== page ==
Six people died in floods that submerged central and southern Taiwan after a tropical depression passed over the area on Aug. 23 and 24.
The heavy rains caused the evacuation of thousands. Some areas received over three feet of rain. Three of the six people died in the city of Kaohsiung after scaffolding fell. Altogether almost 100 people were injured in the flooding, Channel NewsAsia reported.
Over 6,000 people were evacuated, and 1,100 remain in shelters.
The storm has already moved northwest and away from Taiwan, but flood waters have yet to recede.
Taiwan’s weather bureau said precipitation like this is “extremely rare,” according to Channel NewsAsia. The effects of the depression drew comparison to some of the worst typhoon’s in Taiwan’s history, Taiwan News reported.
Tropical depressions form when “a low pressure area is accompanied by thunderstorms that produce a circular wind flow with maximum sustained winds below 39 mph,” according to NASA’s Precipitation Measurement Missions. When winds reach between 39 and 73 mph, it’s considered a tropical storm.
President Tsai Ing-wen visited some affected areas on Aug. 25 and 26, Focus Taiwan reported. She issued a statement that said the flooding doesn’t mean that Taiwan’s water management and flood-protection efforts were for nothing.
She said the protections already in place made the situation less severe. Authorities also issued water pumps to affected areas to reduce the inundation. Tsai’s second visit to Chiayi County, on Aug. 26, was to look at the effectiveness of additional pumps, according to Focus Taiwan.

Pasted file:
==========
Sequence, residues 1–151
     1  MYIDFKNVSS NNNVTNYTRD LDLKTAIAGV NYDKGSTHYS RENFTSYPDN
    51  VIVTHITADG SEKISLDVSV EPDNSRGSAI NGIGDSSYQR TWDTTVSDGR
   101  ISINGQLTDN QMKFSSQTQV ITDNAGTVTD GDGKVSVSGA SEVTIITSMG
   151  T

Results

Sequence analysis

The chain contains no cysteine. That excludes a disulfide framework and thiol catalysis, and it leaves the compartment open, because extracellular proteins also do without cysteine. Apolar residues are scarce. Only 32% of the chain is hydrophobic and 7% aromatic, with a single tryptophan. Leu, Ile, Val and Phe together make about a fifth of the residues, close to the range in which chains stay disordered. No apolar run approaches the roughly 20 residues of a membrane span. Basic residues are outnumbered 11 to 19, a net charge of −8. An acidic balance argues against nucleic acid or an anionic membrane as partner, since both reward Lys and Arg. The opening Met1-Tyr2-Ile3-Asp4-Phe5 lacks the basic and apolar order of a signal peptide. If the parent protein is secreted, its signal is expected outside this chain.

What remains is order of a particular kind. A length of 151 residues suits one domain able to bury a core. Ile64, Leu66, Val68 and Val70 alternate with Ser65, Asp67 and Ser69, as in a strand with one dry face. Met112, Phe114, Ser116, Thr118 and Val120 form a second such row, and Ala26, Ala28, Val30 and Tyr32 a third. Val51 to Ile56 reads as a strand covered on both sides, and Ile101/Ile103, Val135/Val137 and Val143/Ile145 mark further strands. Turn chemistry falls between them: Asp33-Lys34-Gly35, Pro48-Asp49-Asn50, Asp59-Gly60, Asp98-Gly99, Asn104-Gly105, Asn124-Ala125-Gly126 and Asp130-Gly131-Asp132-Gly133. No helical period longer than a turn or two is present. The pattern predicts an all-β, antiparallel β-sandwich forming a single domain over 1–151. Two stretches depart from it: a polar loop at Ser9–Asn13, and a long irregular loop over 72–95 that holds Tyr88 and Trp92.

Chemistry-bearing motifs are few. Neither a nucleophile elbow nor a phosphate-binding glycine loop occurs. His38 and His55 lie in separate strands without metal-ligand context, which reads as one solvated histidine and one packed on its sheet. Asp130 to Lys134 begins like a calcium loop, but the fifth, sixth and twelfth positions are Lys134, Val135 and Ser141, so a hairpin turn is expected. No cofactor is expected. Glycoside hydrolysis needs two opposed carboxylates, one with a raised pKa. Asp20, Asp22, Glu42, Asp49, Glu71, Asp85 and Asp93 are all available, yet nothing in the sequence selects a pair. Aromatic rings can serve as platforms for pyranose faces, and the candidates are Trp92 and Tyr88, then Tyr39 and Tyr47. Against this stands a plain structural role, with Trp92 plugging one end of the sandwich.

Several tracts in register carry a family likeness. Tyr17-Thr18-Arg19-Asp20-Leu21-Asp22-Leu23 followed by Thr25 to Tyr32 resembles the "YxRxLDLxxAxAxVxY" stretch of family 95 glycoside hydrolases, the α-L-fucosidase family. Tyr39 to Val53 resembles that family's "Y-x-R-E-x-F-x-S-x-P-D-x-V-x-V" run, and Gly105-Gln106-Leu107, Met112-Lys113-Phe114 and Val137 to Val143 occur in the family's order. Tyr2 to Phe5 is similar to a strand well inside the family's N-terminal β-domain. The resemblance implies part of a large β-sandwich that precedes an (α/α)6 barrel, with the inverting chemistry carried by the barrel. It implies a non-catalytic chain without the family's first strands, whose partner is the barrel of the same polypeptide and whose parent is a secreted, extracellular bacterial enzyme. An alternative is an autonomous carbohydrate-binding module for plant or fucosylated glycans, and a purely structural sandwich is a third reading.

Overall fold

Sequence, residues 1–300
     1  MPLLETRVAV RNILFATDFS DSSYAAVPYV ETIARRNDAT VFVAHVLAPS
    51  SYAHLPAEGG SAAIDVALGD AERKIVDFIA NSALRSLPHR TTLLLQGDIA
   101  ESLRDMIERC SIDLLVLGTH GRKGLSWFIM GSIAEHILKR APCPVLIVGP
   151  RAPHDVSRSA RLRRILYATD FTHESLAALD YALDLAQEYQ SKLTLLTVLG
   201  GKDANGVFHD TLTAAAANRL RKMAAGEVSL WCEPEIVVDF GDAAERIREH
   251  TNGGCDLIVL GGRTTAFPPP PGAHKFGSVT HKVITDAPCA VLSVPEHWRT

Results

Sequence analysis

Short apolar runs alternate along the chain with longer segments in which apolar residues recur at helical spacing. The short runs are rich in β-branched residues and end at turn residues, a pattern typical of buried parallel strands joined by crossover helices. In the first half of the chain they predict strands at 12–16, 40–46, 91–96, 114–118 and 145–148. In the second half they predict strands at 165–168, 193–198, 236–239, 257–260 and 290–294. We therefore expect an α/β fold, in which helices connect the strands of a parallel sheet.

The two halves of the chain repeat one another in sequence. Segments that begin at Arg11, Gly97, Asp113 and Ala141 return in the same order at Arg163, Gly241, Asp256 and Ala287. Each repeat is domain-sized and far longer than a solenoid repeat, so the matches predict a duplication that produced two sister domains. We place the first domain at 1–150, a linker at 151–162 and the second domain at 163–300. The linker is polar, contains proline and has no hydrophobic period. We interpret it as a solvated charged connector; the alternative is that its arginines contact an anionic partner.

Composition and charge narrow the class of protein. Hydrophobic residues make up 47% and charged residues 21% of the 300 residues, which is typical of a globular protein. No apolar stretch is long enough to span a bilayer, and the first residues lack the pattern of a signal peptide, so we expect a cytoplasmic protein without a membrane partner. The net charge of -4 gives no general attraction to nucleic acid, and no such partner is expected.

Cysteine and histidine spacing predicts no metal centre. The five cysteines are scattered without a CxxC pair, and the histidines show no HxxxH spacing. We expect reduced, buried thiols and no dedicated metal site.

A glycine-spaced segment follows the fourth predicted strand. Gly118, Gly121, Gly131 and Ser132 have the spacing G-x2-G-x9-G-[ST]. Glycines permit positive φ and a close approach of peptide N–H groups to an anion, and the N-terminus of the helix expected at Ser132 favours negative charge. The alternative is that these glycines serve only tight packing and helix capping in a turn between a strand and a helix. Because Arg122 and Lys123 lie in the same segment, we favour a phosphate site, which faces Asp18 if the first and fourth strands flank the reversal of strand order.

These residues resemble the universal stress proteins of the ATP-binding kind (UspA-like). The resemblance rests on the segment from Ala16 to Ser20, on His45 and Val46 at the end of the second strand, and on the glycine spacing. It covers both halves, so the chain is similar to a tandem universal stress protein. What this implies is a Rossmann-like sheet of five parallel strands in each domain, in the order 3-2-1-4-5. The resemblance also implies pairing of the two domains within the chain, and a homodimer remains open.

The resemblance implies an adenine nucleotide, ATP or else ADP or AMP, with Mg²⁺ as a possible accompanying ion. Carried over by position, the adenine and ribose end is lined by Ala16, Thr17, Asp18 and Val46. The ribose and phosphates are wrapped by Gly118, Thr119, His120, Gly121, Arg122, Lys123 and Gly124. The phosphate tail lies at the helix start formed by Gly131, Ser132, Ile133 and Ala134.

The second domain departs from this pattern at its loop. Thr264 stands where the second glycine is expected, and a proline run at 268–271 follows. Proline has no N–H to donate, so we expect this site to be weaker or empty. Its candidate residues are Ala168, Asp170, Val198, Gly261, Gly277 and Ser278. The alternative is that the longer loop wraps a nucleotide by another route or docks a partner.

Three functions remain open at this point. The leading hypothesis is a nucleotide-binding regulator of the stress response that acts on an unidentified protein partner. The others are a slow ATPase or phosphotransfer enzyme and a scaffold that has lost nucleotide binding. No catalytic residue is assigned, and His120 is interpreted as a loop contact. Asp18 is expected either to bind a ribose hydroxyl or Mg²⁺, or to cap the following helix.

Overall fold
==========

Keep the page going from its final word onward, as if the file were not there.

The premier of Taiwan promised that households that experienced the flooding would receive $652 from the government. Some could qualify for tax deductions and loan interest relief, for people seeking finances to rebuild homes, Taiwan News reported.
Premier Lai Ching-te also stated that the government would continue to work on water management so as to prevent of future disaster of this kind.
“I shoulder all the responsibility, any blame should be directed at me,” said Lai, while visiting Chiayi County after the rainfall, via Taiwan News.
He also urged Taiwan’s politicians in opposing political parties to unite in the recovery effort.
A weather alert by the Central Weather Bureau has already been issued for more torrential rains expected to hit parts of southern and central Taiwan, from Aug. 26 through Aug. 29. Other areas of Taiwan may also experience heavy rains. The weather bureau warned that it could mean landslides and falling rocks in mountainous areas, and flooding in low-lying areas, Focus Taiwan reported.
In certain areas, efforts to clean up poultry farms and eliminate the spread of disease from animal carcasses were underway. About 1.4 million chickens, 500,000 ducks, 200,000 geese, and 7,000 pigs were reported to have died from the flooding.
Total losses of livestock reached about $6 million.
Taiwan’s Council of Agriculture said damage to agriculture reached about $18.3 million by Aug. 26, Focus Taiwan reported.
Chiayi County was the most affected by the rains, and agricultural losses reached about $13.1 million, 71 percent of the total losses.
About 6,916 acres of farmland were flooded. Pumpkin, gourd, tomato, peanuts, watermelon, and corn were the most devastated crops.
Milkfish, tilapia, barramundi, eel, and grouper were the most affected fish species. The fishing industry took a total of over $10.2 million in losses.